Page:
Last week, The New York Times ran an opinion letter from advice columnist and author who is upset about fat people – young girls in particular. She says things like “I wish we could change the depressing fact that one of three kids is overweight or obese” and “Our world is not one-size-fits-all, and yes, XL is O.K. But when a girl is XXXL (or, for that matter, emaciated), I don’t think: Let’s not talk about it.”


First of all, what world is Carol Weston living in where we aren’t constantly talking about body size? You can’t turn on a talk show or open a magazine or click on a news site without seeing something about how people’s bodies are wrong and we really need to do something about it. And second of all, why is it that so many thin people think that fat people don’t know they are fat? I am quite aware of the size of my body, and I don’t need a thin person to remind me. Pretty sure that “emaciated” people feel the same.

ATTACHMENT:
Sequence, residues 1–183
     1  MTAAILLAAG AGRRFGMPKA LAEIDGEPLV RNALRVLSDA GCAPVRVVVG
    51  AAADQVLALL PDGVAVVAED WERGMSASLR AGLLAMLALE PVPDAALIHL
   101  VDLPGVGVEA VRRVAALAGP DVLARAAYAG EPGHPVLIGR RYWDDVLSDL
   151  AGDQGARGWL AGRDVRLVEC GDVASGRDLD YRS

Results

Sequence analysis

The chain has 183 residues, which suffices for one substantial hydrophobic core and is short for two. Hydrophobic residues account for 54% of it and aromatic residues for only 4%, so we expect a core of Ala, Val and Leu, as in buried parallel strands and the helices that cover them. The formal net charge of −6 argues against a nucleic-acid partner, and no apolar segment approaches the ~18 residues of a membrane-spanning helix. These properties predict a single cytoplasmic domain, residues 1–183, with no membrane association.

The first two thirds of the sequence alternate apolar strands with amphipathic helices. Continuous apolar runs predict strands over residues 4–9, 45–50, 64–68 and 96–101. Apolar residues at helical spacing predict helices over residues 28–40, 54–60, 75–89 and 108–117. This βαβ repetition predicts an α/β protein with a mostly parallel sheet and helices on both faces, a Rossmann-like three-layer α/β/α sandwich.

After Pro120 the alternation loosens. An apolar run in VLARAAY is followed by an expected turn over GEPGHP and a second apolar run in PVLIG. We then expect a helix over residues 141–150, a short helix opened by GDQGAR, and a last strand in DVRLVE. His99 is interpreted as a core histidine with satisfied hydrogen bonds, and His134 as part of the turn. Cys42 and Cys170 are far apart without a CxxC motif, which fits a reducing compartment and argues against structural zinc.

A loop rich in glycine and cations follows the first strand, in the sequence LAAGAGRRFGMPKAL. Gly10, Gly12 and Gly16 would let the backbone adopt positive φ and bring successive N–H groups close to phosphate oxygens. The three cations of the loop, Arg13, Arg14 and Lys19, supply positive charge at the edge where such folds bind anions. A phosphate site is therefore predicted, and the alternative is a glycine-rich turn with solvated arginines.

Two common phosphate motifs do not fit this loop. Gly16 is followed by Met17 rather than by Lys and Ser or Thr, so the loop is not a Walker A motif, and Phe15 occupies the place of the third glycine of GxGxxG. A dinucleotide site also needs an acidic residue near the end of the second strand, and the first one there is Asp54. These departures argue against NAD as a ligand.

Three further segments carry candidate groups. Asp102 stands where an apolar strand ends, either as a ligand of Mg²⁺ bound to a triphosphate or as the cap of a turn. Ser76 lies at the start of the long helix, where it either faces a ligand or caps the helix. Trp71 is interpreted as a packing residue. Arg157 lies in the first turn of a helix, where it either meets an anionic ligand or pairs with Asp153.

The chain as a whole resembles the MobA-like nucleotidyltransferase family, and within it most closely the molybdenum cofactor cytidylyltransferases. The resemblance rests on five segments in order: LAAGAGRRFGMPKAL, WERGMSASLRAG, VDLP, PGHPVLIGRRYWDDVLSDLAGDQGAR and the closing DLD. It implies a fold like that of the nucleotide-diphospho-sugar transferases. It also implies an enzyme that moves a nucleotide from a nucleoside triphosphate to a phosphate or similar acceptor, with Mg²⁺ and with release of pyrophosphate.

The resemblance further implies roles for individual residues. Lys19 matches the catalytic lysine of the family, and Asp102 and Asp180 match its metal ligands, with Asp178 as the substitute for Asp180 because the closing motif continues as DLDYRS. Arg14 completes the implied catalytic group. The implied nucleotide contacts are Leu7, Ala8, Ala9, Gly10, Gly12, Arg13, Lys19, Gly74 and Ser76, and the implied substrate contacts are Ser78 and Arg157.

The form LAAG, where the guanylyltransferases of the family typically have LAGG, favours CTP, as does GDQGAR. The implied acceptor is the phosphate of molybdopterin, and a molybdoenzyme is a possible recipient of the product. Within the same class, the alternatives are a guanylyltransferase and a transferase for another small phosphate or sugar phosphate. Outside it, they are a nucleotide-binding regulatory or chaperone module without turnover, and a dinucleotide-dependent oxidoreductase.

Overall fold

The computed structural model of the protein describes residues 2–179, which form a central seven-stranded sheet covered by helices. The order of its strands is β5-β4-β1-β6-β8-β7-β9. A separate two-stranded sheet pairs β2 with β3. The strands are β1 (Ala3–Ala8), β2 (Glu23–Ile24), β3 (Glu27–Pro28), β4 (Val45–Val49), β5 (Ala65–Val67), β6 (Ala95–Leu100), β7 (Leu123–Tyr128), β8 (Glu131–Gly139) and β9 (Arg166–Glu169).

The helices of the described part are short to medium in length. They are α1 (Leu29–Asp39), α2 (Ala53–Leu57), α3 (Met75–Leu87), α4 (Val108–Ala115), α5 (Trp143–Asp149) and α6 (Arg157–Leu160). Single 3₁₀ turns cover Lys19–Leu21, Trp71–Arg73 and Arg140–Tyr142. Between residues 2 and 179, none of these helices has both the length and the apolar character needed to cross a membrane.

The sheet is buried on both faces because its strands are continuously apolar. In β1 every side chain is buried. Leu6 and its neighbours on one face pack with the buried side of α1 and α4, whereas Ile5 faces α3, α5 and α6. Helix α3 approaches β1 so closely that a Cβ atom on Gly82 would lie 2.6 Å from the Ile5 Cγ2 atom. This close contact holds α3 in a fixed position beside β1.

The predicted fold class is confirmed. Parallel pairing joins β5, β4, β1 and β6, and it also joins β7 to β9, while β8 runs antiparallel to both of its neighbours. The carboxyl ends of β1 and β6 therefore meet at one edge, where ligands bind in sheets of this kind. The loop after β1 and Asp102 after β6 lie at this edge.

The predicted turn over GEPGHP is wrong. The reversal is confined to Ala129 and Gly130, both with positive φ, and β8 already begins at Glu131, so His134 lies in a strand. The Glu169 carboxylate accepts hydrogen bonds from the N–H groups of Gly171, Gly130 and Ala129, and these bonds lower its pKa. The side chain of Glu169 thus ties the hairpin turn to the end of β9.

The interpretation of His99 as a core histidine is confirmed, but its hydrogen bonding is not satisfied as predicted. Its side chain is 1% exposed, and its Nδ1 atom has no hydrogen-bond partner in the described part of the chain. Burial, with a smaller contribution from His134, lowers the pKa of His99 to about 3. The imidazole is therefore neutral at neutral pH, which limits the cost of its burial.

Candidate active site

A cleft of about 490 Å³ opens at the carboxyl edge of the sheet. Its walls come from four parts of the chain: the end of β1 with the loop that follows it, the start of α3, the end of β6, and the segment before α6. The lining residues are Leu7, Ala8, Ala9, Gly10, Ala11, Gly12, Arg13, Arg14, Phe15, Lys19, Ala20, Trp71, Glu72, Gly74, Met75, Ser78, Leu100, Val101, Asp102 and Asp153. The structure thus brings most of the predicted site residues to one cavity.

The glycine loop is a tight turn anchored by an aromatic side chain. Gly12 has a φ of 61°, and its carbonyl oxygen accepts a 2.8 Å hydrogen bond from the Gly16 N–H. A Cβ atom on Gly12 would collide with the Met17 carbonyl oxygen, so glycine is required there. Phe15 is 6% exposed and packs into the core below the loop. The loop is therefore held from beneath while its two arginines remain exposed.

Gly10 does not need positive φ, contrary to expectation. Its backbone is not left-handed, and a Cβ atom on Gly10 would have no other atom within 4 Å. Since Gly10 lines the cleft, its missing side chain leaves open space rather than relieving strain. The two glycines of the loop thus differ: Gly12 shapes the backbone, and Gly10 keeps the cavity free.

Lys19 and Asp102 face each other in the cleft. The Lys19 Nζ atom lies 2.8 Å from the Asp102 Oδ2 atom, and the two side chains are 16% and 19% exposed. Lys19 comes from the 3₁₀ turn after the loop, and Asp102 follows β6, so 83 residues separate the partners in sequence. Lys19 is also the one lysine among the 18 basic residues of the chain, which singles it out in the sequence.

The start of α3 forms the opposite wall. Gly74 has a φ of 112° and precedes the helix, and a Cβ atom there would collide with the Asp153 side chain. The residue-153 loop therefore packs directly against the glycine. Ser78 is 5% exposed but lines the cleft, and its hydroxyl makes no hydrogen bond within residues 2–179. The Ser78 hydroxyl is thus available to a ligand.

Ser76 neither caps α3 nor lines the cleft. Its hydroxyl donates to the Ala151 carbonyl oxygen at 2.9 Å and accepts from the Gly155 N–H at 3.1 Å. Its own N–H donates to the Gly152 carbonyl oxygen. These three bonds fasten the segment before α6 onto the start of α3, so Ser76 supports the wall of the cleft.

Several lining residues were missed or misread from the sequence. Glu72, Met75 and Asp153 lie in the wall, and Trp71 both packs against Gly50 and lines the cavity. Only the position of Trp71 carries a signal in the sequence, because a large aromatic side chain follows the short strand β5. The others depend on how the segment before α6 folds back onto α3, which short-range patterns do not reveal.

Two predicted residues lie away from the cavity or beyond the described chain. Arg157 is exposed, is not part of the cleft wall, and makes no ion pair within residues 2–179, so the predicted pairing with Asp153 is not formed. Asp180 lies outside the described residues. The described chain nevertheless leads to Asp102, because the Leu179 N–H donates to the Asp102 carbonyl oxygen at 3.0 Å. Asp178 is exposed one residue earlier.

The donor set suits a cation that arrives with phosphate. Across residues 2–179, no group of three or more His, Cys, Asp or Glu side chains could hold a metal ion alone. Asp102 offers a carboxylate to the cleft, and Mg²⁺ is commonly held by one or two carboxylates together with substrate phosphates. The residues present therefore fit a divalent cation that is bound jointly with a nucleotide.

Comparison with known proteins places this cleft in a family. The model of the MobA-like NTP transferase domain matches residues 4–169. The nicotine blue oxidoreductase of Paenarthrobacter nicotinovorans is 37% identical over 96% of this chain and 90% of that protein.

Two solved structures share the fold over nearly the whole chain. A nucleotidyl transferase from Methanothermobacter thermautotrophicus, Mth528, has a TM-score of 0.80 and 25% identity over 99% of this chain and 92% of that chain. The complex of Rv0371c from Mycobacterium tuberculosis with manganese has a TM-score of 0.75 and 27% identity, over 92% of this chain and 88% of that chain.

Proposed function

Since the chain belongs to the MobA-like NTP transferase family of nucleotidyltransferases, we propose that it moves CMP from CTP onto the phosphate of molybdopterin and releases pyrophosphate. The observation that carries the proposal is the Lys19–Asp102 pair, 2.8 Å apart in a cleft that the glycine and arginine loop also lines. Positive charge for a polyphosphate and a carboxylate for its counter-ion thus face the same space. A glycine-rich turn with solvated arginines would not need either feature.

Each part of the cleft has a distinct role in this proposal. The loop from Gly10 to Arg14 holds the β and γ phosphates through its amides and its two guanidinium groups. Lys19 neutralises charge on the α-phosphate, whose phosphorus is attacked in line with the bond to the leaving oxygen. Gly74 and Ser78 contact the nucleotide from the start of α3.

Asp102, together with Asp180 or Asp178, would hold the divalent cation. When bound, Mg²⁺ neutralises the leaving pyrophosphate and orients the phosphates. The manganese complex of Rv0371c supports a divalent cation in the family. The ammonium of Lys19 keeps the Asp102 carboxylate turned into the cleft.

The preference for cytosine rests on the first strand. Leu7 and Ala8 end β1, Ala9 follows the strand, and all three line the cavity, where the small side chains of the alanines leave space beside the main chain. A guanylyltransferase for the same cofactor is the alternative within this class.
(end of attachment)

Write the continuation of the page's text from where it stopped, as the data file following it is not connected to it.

So anyway, The New York Times asked people to respond to Ms. Weston. Great! An open dialogue! I submitted a response, as did several fat- and body-positive writers whom I admire and follow. Do you want to guess how many of our letters were chosen for publication? Did you guess zero? You win a prize!


There were a few okay comments, about genetics and biology and how shaming is wrong. One writer even attempted to mention Health At Every Size (but got the name wrong). But most of it was stuff like this:

  • Better advice would have focused on seeking expert help from a health care professional trained in obesity.
  • The hard truth is that a healthy meal is more expensive than a double cheeseburger at McDonald’s.
  • I’m one of those old-fashioned women who refuses to believe that, given the choice, a woman wouldn’t rather wear a size 10 than a size 16.
  • Obesity is a public health problem, and it will take a committed approach involving many sectors.